# Is there a built-in way to do a logarithmic color scale in ggplot2?

Here's an example of a binned density plot:

``````require(ggplot2)
n <- 1e5
df <- data.frame(x = rexp(n), y = rexp(n))
p <- ggplot(df, aes(x = x, y = y)) + stat_binhex()
print(p)
``````

It would be nice to adjust the color scale so that the breaks are log-spaced, but a try

``````myBreaks <- round_any(exp(seq(log(10), log(5000), length = 5)), 10)
p + scale_fill_hue(breaks = as.factor(myBreaks), labels = as.character(myBreaks))
``````

Results in an `Error: Continuous variable () supplied to discrete scale_hue.` It seems breaks is expecting a factor (maybe?) and designed with categorical variables in mind?

There's a not built-in work-around I'll post as an answer, but I think I might just be lost in my use of `scale_fill_hue`, and I'd like to know if there's anything obvious I'm missing.

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Yes! There is a `trans` argument to `scale_fill_gradient`, which I had missed before. With that we can get a solution with appropriate legend and color scale, and nice concise syntax. Using `p` from the question and `myBreaks = c(2, 10, 50, 250, 1250, 6000)`:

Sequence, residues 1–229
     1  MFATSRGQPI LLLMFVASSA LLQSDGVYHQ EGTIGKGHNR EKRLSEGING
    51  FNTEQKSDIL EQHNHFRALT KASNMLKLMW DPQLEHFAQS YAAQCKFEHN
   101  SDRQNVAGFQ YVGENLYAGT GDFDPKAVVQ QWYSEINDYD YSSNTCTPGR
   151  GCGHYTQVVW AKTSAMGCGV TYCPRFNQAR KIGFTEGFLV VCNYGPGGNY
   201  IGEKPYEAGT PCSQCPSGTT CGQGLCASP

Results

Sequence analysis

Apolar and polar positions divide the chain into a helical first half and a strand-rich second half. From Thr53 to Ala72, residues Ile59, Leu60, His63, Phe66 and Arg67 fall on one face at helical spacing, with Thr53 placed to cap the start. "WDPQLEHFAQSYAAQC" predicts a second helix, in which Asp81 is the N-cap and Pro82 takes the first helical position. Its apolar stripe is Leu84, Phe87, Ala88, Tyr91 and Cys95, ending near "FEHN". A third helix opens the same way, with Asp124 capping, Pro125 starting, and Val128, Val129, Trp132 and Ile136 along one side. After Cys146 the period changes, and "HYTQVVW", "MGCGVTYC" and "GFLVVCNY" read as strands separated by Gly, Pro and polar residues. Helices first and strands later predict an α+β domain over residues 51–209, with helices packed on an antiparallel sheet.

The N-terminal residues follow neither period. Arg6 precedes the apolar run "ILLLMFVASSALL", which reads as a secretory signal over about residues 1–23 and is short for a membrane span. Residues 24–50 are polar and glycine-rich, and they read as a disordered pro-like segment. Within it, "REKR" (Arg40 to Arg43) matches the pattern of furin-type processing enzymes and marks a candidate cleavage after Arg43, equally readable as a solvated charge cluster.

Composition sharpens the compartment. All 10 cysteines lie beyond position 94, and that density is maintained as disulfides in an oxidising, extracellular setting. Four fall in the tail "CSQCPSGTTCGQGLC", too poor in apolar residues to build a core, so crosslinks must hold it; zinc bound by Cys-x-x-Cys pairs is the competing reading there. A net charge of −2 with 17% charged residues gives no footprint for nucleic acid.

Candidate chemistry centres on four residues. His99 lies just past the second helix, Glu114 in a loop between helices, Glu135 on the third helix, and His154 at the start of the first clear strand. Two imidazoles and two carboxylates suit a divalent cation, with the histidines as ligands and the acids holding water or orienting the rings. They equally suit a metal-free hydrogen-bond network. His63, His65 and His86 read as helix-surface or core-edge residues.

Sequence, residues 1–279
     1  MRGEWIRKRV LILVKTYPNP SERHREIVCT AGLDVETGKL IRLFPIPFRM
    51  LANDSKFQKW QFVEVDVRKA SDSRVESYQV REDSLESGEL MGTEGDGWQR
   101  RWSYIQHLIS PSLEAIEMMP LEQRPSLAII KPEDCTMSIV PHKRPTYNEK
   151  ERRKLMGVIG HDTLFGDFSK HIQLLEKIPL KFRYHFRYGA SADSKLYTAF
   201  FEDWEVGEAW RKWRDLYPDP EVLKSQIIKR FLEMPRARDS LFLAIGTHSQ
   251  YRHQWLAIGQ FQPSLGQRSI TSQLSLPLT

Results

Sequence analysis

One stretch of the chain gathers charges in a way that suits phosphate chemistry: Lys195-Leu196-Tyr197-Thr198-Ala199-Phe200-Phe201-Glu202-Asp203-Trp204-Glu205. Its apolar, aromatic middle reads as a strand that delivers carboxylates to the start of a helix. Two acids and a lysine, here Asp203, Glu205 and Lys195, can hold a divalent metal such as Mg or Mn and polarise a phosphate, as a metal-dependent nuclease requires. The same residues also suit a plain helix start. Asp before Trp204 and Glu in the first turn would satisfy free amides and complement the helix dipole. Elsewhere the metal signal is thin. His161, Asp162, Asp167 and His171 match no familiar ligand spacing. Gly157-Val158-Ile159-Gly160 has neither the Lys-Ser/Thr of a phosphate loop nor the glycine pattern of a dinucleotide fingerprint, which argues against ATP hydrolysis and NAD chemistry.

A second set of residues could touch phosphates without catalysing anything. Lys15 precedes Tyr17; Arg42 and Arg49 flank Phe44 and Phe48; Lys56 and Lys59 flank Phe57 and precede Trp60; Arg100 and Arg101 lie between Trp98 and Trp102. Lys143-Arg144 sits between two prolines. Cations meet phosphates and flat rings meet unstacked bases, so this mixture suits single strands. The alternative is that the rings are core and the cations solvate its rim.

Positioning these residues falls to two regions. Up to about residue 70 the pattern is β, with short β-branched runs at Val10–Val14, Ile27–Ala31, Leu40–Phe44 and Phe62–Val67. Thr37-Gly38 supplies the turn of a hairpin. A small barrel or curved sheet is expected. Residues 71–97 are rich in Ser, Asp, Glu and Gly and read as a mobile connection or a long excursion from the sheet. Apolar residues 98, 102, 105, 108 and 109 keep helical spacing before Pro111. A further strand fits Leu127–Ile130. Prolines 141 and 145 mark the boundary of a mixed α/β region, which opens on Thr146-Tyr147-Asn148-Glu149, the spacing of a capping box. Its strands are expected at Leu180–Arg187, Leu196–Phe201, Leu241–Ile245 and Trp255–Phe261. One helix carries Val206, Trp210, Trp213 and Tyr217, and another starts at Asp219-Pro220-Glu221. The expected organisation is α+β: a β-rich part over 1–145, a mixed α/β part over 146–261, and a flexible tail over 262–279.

``````p + scale_fill_gradient(name = "count", trans = "log",
breaks = myBreaks, labels = myBreaks)
``````

My other answer is best used for more complicated functions of the data. Hadley's comment encouraged me to find this answer in the examples at the bottom of `?scale_gradient`.

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Man, you have two "best" answers for the same question :-). Awesome! –  Eduardo Aug 8 '14 at 12:59
@Eduardo... well the question is mine too. Glad you're finding it useful! –  Gregor Aug 8 '14 at 15:09

Using the wonderful code by by @kohske in this answer, we can do this:

``````ggplot(cbind(df, z = 1), aes(x = x, y = y, z = z)) +
stat_aggrhex(fun = function(z) log(sum(z))) +
labs(fill = "Log counts")
``````

To generate this plot.

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The aesthetic is `fill`, not `colour`, probably. –  joran Nov 9 '11 at 18:51
Yup, that was it. –  Gregor Nov 9 '11 at 18:56
+1 Very nice re-use of that brilliant code by @kohske –  Andrie Nov 9 '11 at 18:57
@Andrie, thanks! It seems much more natural to me than messing with a color palette to get colors that are evenly spaced on the log scale. –  Gregor Nov 9 '11 at 19:00
Seems a lot less natural to me. But it's always possible to transform the data or the scale. Transforming the scale will give you a sensible legend. –  hadley Nov 13 '11 at 5:51